4. Add in your fish stock: 1 cup if you want it ultra thick, or 2 cups if you want it ultra light. 1&1/2 cup for the best of both worlds.
5. Add in your fresh tarragon, thyme, basil and parsley. If you only have dry herbs, start with a generous shake of each for now (about 1/4-1/2 tsp, depending on how much stock you added)
6. Add in a clove of minced garlic, the juice from half a lemon, and nice grind of black pepper. For the wine, start with a quarter cup. Whisk it occasionally to make sure all the flour is separated and does its job of thickening up the sauce. Let it sit now until it gets cloudy and thick enough to coat the back of a wooden spoon, then remove from the heat.
7. Now comes the tricky part. We are going to taste the sauce, and adjust according to what we taste. Start off generously seasoning it with salt, although the generosity depends a little on the salt content of your stock. If you used fresh herbs you probably won’t need to worry about those, but if you used dry, you may need to add more tarragon, thyme, etc. Not enough acidity? Add more lemon juice. Can you hardly taste garlic? Throw in another clove. Do you want it more peppery? More pepper– obviously. Is the wine too weak? Add another splash or two and stir it all in. Can you not taste it very much? Salt, and then just keep salting it until it tastes good, because 90% of the time your sauce is probably just undersalted. If it’s too thick, feel free to whisk in a little more stock. If it’s too thin, you could probably keep it on the heat until it reduces a little, and that’ll also concentrate the flavour a little more. Set the sauce aside.

8. Drain your pasta, do not rinse, then place them in the saucepan with the sauce. Let the pasta absorb a bit of the sauce, then remove them and place them in a hot bowl or on a hot plate; a bowl if your sauce is very light, or a plate if your sauce is very thick. A good way for home cooks to keep a bowl or plate hot is to place it on top of the pot with the simmering pasta water after the pasta is drained. If you made your sauce too light to properly adhere to your pasta, pour some of the sauce into the bowl.

9. Now we will cook the scallops, and we do this last because scallops taste best when they’re freshly cooked. Season the scallops generously on all sides with salt, pepper and cayenne pepper, and don’t be afraid to use a lot of cayenne pepper.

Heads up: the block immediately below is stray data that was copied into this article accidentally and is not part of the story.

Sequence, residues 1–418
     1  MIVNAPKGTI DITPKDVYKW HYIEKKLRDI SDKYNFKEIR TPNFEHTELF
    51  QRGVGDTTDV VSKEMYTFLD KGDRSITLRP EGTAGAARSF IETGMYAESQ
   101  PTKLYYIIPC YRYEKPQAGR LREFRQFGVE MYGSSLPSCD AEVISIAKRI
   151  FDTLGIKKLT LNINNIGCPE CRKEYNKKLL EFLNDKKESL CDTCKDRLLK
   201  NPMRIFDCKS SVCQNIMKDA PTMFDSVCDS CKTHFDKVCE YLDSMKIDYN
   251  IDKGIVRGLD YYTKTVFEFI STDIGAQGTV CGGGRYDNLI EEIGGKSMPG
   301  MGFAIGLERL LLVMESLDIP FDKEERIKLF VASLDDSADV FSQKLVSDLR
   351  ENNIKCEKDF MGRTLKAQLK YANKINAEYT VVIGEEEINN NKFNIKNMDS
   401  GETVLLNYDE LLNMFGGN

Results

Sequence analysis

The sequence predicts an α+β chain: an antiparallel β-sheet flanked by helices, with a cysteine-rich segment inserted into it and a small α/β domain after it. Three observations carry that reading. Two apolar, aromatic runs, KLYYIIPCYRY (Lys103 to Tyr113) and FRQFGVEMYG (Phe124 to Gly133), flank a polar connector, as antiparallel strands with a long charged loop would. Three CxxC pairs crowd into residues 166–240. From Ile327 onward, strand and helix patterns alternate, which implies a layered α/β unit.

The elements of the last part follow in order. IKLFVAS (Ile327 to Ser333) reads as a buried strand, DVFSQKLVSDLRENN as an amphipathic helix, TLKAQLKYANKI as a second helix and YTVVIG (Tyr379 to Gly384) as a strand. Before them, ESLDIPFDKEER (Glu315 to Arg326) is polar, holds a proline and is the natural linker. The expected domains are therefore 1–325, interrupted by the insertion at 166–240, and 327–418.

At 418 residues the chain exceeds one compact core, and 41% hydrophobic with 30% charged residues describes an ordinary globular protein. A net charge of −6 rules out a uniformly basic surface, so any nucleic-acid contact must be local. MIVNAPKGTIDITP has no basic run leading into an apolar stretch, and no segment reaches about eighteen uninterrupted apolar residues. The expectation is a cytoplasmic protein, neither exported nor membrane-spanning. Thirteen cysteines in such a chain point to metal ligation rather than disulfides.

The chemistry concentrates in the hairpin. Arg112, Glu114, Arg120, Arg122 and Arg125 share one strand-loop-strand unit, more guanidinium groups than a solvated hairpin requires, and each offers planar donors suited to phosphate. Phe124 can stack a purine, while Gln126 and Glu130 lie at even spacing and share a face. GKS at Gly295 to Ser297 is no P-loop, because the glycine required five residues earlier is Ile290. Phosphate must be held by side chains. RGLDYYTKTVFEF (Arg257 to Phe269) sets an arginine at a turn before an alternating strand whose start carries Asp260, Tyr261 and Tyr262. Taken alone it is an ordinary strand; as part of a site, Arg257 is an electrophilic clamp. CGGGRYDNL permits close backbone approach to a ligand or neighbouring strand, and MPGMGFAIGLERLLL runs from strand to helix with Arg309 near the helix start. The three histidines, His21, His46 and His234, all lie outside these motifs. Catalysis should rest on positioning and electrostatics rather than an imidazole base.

10. Get a skillet hot on high heat, add a generous drizzle of olive oil, then sear the scallops about a minute per side until they get a nice golden-brown colour on them. If at a certain point you feel like your scallops aren’t cooking all the way through and your pan is too hot and you don’t want the scallops (or olive oil) to burn, add a splash of fish stock or wine and cook until it evaporates. This will cool down and deglaze the pan and give your scallops a little liquid to simmer in so the insides get cooked properly without the outsides burning.
11. Remove your scallops from the pan and place on top of your pasta. Serve garnished with some chopped parsley or parsley flakes.

Notes:
*You can use fresh scallops, or frozen scallops that have been thawed in the fridge overnight or in the microwave for a minute and thoroughly dried with a paper towel. Do not use scallops that have been sitting in a brine of any sort.
**You can chop them if you want bits of herbs in your sauce, or just leave them whole if you only want to extract their flavour. Purely aesthetic. You can also use dry herbs for this, but with significantly diminished flavour. The instructions will cover dry herbs too.
***This means it still retains a bit of bite in the centre and isn’t all mushy and undesirable.

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About Chef Treble

Feed me weird things.

Posted on January 26, 2016, in Beginner's Guide, Dips & Sauces, French, Italian, Lunch and Dinner, Original, Seafood and tagged , , , . Bookmark the permalink. Leave a comment.